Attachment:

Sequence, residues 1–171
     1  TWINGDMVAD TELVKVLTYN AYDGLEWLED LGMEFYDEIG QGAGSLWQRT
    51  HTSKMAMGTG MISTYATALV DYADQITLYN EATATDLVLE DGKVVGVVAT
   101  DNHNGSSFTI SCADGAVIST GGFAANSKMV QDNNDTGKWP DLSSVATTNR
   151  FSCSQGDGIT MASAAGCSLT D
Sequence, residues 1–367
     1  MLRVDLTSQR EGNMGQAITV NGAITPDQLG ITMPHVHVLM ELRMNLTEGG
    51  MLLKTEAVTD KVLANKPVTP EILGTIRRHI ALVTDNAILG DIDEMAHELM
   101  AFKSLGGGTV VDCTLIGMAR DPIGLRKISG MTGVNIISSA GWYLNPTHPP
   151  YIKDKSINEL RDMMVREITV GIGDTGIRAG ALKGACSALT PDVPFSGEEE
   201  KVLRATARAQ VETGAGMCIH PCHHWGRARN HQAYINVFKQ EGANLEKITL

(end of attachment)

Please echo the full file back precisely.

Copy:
Sequence, residues 1–171
     1  TWINGDMVAD TELVKVLTYN AYDGLEWLED LGMEFYDEIG QGAGSLWQRT
    51  HTSKMAMGTG MISTYATALV DYADQITLYN EATATDLVLE DGKVVGVVAT
   101  DNHNGSSFTI SCADGAVIST GGFAANSKMV QDNNDTGKWP DLSSVATTNR
   151  FSCSQGDGIT MASAAGCSLT D
Sequence, residues 1–367
     1  MLRVDLTSQR EGNMGQAITV NGAITPDQLG ITMPHVHVLM ELRMNLTEGG
    51  MLLKTEAVTD KVLANKPVTP EILGTIRRHI ALVTDNAILG DIDEMAHELM
   101  AFKSLGGGTV VDCTLIGMAR DPIGLRKISG MTGVNIISSA GWYLNPTHPP
   151  YIKDKSINEL RDMMVREITV GIGDTGIRAG ALKGACSALT PDVPFSGEEE
   201  KVLRATARAQ VETGAGMCIH PCHHWGRARN HQAYINVFKQ EGANLEKITL